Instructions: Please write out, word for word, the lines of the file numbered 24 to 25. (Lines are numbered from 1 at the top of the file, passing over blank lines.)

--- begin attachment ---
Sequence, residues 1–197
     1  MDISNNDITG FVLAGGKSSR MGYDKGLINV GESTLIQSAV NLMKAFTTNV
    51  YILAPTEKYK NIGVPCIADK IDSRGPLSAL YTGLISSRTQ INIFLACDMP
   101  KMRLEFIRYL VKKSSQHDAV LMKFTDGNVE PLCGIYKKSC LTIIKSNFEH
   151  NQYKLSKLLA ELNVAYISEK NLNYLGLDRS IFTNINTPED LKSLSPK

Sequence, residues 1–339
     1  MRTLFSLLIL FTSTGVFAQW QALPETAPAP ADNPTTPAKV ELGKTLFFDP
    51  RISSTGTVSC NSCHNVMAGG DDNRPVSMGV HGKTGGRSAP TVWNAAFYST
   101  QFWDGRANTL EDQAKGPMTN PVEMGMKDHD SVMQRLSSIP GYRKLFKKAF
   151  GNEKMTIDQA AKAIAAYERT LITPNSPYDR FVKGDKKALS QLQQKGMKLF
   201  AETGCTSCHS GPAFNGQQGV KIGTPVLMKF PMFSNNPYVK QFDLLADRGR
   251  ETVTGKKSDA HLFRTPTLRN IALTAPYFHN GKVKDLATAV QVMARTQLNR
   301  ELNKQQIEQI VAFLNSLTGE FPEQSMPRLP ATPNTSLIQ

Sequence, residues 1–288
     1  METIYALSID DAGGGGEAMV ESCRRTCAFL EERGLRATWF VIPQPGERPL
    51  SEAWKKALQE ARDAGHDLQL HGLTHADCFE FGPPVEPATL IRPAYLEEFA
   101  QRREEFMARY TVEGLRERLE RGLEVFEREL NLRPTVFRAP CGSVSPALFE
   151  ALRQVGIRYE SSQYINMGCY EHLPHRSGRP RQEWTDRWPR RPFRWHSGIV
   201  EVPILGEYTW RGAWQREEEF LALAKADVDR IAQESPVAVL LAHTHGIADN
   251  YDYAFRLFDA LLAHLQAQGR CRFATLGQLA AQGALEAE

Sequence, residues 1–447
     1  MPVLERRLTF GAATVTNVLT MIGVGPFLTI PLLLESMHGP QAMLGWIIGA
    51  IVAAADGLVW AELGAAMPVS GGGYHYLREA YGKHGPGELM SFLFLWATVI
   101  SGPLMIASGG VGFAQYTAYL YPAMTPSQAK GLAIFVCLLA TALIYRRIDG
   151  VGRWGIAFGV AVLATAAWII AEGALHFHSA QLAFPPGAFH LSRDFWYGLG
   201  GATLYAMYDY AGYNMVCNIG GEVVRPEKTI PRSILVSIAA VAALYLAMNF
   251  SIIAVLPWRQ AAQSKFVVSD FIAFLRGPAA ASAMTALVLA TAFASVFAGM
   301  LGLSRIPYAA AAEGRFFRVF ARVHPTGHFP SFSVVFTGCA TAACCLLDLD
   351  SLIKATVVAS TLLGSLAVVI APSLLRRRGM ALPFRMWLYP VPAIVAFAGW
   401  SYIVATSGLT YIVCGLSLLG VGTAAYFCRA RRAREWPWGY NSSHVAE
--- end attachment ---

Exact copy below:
   101  SGPLMIASGG VGFAQYTAYL YPAMTPSQAK GLAIFVCLLA TALIYRRIDG
   151  VGRWGIAFGV AVLATAAWII AEGALHFHSA QLAFPPGAFH LSRDFWYGLG